“Early on, there was a lot of controversy about video games,” Bushnell says. “Parents didn’t want their kids going anywhere near them; whole countries banned them.”

“I feel like all rebels have to have a bit of the prankster within them.”

NOLAN BUshnell

Prankster in chief

This tide started shifting bit by bit as Pong, Atari’s flagship title, permeated deeper into the world’s cultural fabric. Don Valentine, the storied Sequoia founder, paid several visits to Atari’s Sunnyvale factory amid growing hype around the game before ultimately investing in 1975. The company, under Bushnell’s leadership, was a goofy place: Friday evening beer fests, smoking marijuana at headquarters, even one instance in which Bushnell rented a jet and flew the staff to Disneyland.

Bushnell says much of Atari’s early reputation has been mischaracterized, even though it has had real-world consequences for Bushnell himself: in 2018, activists successfully denied him a prominent video game lifetime achievement award he was slated to receive, accusing him of fostering an environment in Atari at the time that was toxic to women. When I ask him if any employees felt alienated by Atari’s culture back then, Bushnell says, “no, not at all.” And many of Atari’s early female employees have spoken fondly of their experience.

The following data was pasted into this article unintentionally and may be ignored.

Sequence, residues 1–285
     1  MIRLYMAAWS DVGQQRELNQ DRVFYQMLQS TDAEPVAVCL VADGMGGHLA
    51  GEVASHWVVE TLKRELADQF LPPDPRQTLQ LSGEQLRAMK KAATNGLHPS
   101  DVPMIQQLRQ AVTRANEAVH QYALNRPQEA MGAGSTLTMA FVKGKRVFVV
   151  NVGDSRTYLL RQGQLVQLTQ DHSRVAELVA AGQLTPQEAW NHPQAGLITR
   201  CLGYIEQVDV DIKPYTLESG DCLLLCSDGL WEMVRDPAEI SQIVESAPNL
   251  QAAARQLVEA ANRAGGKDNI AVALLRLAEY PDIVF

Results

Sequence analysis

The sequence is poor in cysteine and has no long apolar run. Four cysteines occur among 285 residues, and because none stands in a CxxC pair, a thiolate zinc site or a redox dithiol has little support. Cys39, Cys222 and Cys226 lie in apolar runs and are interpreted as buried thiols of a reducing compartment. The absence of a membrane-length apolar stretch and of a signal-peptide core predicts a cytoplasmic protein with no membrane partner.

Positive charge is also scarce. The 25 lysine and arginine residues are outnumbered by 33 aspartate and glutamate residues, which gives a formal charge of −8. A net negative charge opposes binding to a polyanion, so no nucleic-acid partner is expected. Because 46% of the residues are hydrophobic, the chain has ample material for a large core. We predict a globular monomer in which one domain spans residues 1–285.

Bushnell reiterates the values of fairness, dignity and camaraderie that he enumerated in a “goals” manifesto published in Atari’s second year. It specifically directed employees to “judge all people on the basis of their skill and contributions, and not tolerate discrimination on the basis of race, color, creed, national origin, sex, appearance or personal life”—something that many companies still struggle with to this day.